Of monotubes and monocrats
© St. Petersburg Times,
These things are not, as one local radio station has so indelicately insisted, sewer pipes that pump unmentionable things above the ground and over passing cars. Rather, they are, in the words of their state Department of Transportation caretakers, "monotubes." Their job is to hold up traffic signals and road signs against all of nature's odds, and such performance is apparently what requires them to be of considerable girth, as signposts go.
The monotube stretched across Park Boulevard and 66th Street in Pinellas Park, a structure that has suffered remarkable ignominy in its short life, is a pipe 36 inches in diameter, 21 feet high and 130 feet across. It weighs 30 tons. DOT spokeswoman Marian Pscion says her phone is not ringing as much these days, since the state agreed to spend $129,000 to repaint the $260,000 monotube from chestnut bronze to sky blue.
But the monotube specter still weighs so heavily on elected officials in Pinellas that some have joined together to pass a resolution condemning them as "unattractive, obstructive and objectionable" and "detrimental to the visual character of our county as a whole."
In other words, they're butt ugly.
Now perhaps it is fitting that such a steel structure would rise from the sea of concrete and asphalt that frames Park and 66th. It's not as though the intersection is a place where people routinely come to picnic, or exchange wedding vows, not what Thoreau had in mind when he wrote of the "indescribable innocence and beneficence of Nature." That said, how is it that a state government agency could think a 30-ton pipe would perk up any neighborhood?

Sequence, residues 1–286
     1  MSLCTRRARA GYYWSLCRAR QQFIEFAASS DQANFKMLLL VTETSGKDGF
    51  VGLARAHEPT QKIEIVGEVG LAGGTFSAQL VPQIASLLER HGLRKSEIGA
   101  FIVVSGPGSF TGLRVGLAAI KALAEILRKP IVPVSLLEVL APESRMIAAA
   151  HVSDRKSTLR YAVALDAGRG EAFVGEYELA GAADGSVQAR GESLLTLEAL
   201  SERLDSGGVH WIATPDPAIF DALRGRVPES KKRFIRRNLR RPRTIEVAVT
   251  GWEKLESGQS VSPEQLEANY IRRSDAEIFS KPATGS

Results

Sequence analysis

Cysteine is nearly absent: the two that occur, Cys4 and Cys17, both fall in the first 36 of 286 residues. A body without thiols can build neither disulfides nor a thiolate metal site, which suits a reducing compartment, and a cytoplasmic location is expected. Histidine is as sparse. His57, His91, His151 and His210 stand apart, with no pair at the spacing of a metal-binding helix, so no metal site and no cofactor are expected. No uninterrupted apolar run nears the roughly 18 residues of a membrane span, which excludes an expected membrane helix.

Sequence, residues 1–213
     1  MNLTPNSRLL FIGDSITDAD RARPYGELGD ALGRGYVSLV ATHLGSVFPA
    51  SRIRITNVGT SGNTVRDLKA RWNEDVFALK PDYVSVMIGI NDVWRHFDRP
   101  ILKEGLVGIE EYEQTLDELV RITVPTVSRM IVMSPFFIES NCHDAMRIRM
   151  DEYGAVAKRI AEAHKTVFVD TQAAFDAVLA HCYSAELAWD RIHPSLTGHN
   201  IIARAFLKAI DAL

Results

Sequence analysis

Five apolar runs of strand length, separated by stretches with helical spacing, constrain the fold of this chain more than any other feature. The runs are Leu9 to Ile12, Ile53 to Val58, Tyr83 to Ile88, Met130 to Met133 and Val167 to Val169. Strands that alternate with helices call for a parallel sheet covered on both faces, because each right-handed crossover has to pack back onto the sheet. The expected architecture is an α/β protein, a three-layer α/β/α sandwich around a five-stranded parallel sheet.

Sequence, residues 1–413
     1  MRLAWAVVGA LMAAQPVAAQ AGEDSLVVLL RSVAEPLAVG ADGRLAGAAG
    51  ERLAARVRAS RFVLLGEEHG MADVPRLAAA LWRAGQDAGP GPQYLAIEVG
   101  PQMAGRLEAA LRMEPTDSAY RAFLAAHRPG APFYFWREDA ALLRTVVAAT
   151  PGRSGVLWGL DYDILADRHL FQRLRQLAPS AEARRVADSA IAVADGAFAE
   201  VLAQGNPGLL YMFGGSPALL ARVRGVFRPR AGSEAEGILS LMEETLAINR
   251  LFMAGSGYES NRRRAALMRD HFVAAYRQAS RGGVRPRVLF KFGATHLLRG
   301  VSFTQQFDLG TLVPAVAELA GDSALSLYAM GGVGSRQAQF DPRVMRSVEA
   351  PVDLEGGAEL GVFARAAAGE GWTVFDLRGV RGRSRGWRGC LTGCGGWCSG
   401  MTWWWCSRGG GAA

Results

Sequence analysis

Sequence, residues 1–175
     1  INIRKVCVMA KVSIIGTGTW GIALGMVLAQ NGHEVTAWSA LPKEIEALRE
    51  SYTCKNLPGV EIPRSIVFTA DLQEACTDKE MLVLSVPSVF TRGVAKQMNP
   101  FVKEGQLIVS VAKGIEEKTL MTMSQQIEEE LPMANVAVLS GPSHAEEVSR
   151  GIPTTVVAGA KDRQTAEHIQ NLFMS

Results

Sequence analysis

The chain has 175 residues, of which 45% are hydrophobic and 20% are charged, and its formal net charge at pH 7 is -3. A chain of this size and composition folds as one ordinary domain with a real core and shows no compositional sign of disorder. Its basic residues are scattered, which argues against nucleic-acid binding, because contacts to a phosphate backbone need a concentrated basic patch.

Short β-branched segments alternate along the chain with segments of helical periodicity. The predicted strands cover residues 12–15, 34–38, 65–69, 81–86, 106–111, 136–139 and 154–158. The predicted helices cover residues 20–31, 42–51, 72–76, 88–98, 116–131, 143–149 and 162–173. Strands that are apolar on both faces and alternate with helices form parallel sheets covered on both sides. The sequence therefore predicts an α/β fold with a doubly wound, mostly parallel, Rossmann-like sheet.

To its credit, DOT has moved quickly to respond to criticism, and Pscion says there are many options for other state road signs that may not be as obtrusive to the communities that must live with them.
But the monotube is, if nothing else, an emblem for what far too many residents like to derisively call Florida's faceless bureaucracy. In this case, let's call it a monocracy, and the scenario was something like this: Some state engineer decided after Hurricane Andrew that traffic lights need to survive 130-mile-per-hour hurricane force winds, and suddenly big $260,000 pipes start appearing on the landscape (Largo has one too).
Never mind that the power lines, which supply electricity to the traffic lights, are not similarly protected. Or that the roads surrounding the Pinellas Park intersection in question tend to flood in heavy rains anyway. Or that people might not like how they look.
When he was inaugurated, Gov. Jeb Bush said that "the best and brightest ideas do not come from the state capital." Maybe he had the monotube in mind.
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